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Wooden curtain poles with a home made dowel-making jig.

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MikeG.

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A fun little diversion, now. We needed some curtain poles in the lounge, and decided that oak and wrought iron was the look we were going for. My wife obviously was confident that running up some wooden curtain poles wouldn't be too difficult....

I made a jig. I wanted lots of depth to the jig, but my forstner bits are only so long. I therefore made it in 2 pieces:











The idea is to get down to 32mm diameter in two passes, one at 35mm and the next at 32mm. Learning from the proof-of-principle model I made for the dowels for the satirs, I made a very secure slot for the chisel to eliminate any movement other than the in-out adjustment. Time for a test piece:



The funny little connector thingy on the bench is a screw on one end and a bolt/ threaded rod on the other, and that will be what screws into the end of the dowel.





This produced a really decent result first time, but it also shook like hell and produced a real oddity:



How did it end up turning massively off-centre?

On to the real thing. There are three curtain poles to do, two at 1.7m, and one at 2.4m. I straightened up and ripped a nice piece of oak from my stores, and then chamfered the edges to produce an octogon:



Then shaped the end:



........attached the drill and got on with it:











The result was lovely!



But again, the oddity of an off-centre feed. It started off bang in the middle of the octogon:



The other shorter pole is prepared and ready to turn in the morning, just waiting for the glue in a shake to dry. The longer pole was longer than any wood I could find of the right size, but I did find some 12mm thick off cuts. I cleaned them up, ripped them, and will laminate them together in the morning:

 

Steve Maskery

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I have no idea why your poles should end up so much off centre, but I bet that was fun to hold as it was going round nineteen to the dozen!
 

Hornbeam

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hi Mike. If you look at the ashem type rounders then the taper is much longer so the wood is supported all the length of the cut. You could try extending the tool and putting a lead in hole before your 45 degree chanfer ( just anothe piece of wood with a hole in it that the octagon just fits into which is screwed on the infeed side, Are you getting a spiral left in the outside of teh cyclider. On a rounder the edge of te blade is curved off slightly at the end to remove the sharp corner .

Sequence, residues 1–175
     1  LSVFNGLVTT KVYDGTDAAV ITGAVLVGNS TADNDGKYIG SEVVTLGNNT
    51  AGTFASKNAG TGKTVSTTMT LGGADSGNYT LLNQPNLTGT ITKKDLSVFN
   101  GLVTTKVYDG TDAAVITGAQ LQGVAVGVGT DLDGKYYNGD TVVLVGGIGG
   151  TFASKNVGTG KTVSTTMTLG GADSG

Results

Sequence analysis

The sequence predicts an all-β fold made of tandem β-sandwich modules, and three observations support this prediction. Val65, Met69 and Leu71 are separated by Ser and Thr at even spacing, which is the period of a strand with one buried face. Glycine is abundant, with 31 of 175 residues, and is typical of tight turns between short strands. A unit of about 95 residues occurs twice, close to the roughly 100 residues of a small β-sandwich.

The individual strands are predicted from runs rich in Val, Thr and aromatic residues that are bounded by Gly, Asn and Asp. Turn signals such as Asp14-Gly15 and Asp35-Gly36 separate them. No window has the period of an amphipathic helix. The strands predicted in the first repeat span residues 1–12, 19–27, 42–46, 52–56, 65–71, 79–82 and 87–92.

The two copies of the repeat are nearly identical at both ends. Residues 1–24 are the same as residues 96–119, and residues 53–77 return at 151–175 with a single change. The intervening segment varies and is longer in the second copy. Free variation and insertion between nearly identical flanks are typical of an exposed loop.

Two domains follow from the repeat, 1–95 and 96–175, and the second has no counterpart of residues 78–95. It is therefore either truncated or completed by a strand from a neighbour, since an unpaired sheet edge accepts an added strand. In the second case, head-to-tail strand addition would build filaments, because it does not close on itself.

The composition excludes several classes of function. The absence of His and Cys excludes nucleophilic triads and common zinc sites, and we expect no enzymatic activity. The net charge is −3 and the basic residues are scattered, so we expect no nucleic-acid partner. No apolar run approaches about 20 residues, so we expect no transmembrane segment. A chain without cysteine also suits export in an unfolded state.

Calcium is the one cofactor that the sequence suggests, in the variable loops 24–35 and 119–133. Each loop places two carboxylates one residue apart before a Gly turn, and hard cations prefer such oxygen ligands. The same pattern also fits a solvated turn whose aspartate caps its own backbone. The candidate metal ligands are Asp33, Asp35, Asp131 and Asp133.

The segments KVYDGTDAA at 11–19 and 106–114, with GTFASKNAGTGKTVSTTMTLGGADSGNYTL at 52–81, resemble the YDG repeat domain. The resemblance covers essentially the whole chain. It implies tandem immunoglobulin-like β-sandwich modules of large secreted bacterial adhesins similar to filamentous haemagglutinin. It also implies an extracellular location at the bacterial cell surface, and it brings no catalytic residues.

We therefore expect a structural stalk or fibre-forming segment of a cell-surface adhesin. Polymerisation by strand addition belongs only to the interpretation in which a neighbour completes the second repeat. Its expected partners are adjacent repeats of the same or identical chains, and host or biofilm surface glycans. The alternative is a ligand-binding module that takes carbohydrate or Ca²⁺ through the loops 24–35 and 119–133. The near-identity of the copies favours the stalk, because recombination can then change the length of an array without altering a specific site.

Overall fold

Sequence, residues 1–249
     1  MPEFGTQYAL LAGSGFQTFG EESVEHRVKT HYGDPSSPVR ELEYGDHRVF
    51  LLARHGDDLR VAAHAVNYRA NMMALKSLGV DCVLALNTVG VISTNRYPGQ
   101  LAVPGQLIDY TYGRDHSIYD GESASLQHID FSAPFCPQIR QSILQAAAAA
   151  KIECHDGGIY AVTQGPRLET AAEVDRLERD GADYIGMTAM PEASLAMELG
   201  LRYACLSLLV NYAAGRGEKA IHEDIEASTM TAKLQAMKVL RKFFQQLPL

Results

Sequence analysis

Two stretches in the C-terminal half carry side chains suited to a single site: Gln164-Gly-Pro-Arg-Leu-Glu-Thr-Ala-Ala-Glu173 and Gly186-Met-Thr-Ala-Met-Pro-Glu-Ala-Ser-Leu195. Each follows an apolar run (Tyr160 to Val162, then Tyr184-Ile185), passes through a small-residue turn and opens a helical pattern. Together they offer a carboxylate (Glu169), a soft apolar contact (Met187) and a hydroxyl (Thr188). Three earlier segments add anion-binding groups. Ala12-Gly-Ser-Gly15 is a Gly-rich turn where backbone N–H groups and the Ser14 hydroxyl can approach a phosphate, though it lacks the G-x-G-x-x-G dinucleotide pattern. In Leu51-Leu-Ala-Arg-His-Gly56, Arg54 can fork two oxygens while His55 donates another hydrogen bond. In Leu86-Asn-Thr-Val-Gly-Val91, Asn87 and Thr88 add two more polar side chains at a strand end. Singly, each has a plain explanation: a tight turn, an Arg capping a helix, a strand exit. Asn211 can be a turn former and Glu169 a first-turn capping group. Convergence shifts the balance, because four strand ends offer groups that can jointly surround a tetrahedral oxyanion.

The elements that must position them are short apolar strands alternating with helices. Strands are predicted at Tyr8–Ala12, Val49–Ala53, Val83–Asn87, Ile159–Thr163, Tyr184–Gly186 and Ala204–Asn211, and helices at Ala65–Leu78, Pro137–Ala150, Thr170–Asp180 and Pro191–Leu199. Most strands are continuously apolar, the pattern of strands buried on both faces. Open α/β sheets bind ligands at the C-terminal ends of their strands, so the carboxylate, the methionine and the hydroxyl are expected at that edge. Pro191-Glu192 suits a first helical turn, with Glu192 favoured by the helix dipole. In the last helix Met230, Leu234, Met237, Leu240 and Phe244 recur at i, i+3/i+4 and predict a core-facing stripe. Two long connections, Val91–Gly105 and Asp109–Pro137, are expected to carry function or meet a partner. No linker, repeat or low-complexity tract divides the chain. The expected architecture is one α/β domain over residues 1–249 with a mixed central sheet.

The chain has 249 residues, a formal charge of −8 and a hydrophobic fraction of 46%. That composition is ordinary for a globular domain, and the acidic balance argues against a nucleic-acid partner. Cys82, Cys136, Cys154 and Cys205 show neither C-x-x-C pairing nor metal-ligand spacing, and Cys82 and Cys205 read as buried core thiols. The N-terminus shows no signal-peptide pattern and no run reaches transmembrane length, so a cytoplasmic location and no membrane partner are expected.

Have you tried holding the dowel fixed and turning your rounder by hand. It sound slow but is much faster than you might think
Ian
 

MikeG.

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I turned the dowel by hand for a few inches, and it cut really nicely, but the jig itself doesn't really lend itself to being used as a rounder. If I had had an appropriate blade kicking around, I would have made a traditional rounder instead of this jig.

The dowel supports itself in the outfeed hole. It doesn't need an infeed hole, really. You can see from one of the photos how snugly it fits in the outfeed side, so it can't actually go anywhere. There is no spiral on the dowel, and the cut is beautifully clean. The hole actually buffs up the surface, burnishing it to an almost-good-enough finish. If it wasn't for 3 or 4 imperfections I wouldn't have bothered sanding.
 

MikeG.

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Steve Maskery":2a8p0nno said:
I have no idea why your poles should end up so much off centre, but I bet that was fun to hold as it was going round nineteen to the dozen!
It was a bit rocky, yes! I had expected there to be lots of whip and loss of control on the outfeed side when 5 or 6 feet were sticking through the jig, but no, it stayed relatively under control and tidy. The odd off centre thing didn't affect the finish, size, cut....anything. It's a curiosity, rather than a problem.
 

samhay

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I suspect that you/your hands are rocking side-to-side as you feed the dowel in and this is happening at the same rate as the drill is rotating. The movement may be almost imperceptible as you are only out by 1/4" or so and may feel more like a gentle shimmy.

Edit. p.s. it clearly isn't a problem as the results are excellent, and may actually help to keep it under control.
 
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